Chemistry is not zero exposure


Published on

Published in: Technology, Business
  • Be the first to comment

  • Be the first to like this

No Downloads
Total views
On SlideShare
From Embeds
Number of Embeds
Embeds 0
No embeds

No notes for slide

Chemistry is not zero exposure

  1. 1. Chemistry is not a “ZeroExposure” Occupation Harry J. Elston, Ph.D., CIH Midwest Chemical Safety, LLC Dawson, IL
  2. 2. “Chemistry is not a zero-exposure occupation.You are not entitled to zero exposure. You areentitled that your exposure be kept belowrecognized occupational exposure limits and to beinformed of the hazardous properties of thematerials with which you work.”
  3. 3. Producers and Consumers Colleges and Universities are manufacturers of a product Who are the consumers?  Industry – Research, QA/QC, etc.  Government – Environmental, Transportation, Law Enforcement…  Academia – graduate and professional schools
  4. 4. What the Consumer Wants on Day 1: Basic chemical calculations Basic chemical manipulations (dilutions, distillations, prepare solutions, etc.) Has basic understanding of hazard (acids/bases are corrosive, cyanides are toxic…)
  5. 5. Day 1: Basic understanding of safe waste management (don’t mix organics with nitric acid, waste segregation, etc.) Basic understanding (and respect) for risk management  Can put the risk equation together: Risk = hazard x P(exposure) Has respect for chemical hazards, but not fear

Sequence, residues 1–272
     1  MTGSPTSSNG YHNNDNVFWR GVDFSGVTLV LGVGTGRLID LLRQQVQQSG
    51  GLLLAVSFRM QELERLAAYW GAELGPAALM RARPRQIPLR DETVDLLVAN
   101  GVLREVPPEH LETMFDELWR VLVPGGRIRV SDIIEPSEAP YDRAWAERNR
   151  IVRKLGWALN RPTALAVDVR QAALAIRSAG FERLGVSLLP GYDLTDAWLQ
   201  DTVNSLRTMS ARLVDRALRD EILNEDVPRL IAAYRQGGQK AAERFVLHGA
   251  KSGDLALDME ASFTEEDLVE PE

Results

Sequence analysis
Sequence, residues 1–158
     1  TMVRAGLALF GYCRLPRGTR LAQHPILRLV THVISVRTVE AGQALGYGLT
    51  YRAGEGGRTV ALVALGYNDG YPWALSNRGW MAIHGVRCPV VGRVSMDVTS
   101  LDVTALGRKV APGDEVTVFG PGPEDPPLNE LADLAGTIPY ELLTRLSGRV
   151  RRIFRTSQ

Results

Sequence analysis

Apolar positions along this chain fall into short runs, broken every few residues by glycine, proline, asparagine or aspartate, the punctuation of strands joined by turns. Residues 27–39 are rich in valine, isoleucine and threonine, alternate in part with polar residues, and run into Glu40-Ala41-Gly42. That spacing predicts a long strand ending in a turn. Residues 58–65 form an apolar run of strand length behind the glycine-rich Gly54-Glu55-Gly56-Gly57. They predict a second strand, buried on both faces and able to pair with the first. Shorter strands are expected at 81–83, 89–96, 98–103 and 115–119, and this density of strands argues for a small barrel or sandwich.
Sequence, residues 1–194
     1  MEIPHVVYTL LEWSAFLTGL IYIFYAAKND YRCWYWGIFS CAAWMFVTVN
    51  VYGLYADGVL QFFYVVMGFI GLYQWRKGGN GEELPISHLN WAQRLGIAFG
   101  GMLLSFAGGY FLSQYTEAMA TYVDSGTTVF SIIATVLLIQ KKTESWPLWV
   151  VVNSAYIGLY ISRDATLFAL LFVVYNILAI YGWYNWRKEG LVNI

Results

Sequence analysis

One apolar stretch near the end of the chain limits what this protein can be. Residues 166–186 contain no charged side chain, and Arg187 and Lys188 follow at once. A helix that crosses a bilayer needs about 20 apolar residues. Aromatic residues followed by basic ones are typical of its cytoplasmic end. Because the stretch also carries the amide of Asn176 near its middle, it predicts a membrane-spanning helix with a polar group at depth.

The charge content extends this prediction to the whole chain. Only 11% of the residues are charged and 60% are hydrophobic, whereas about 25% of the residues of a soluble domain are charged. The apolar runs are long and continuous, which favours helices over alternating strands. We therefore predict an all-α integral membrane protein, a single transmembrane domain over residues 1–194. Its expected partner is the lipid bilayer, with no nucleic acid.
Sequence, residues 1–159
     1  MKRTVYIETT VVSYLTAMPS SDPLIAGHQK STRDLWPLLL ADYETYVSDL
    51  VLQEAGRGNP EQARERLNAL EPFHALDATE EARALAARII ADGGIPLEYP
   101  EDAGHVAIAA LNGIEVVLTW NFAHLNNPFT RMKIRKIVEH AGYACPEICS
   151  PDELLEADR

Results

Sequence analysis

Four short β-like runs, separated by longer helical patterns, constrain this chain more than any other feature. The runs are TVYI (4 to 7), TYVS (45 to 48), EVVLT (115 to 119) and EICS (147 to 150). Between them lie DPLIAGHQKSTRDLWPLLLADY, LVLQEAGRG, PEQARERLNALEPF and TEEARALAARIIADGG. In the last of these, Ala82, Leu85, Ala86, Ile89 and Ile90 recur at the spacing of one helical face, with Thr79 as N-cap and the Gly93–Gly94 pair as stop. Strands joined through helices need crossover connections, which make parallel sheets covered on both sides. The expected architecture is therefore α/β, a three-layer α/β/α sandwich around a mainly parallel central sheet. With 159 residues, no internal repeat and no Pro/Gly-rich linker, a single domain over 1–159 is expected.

6. 6. A completely unscientific surveyfor this presentation Reviewed GenChem and Organic Chem textbooks and lab manuals from 4 undergrad institutions
  7. 7.  What I consider are problems:  Lab manuals never had the student make dilutions from concentrated stock acids/bases  Labs have removed use of toxic material for separations (CS2, carbon tetrachloride, dichloromethane, cyanides in qual schemes, etc.)  Reasons for chemical substitution are not explained  PPE is prescribed but not explained. No risk assessment is performed.  No hazard assessments or risk evaluations shown
  8. 8. Missing teachable moments Dilutions and chemical manipulations Understanding risk information  MSDS/SDS (a starting place)  Interpreting MSDS/SDS in light of concentration  Other toxicology information  Interpreting conflicting tox data Safely working with hazardous/highly hazardous material (like they will when they graduate)
  9. 9. Leading from the front (of theclassroom or lab) Introducing “hazard” to students  In “pre-lab” exercises:  “Hazard” is an inherent property of the chemical  “Hazard” is reduced by dilution  Talk about choice of chemicals used  In the classroom  Introduce industrial chemical use
  10. 10. Leading from the front Risk and Risk Management What is risk?  Risk (consequence) = Hazard x P(exposure)  Balance hazard/exposure to keep risk acceptable  Introduce to the student the “whys”  Chemical substitution (hazard)  SOP/PPE (exposure)  Risk assessment tools at higher levels
  11. 11. Leading from the front In the lab  Handling hazardous chemicals/waste safely  Keep risk perspective – make it part of the pedagogy  Make working safely part of the evaluation  Reward those who work safely, penalize those who are demonstratively unsafe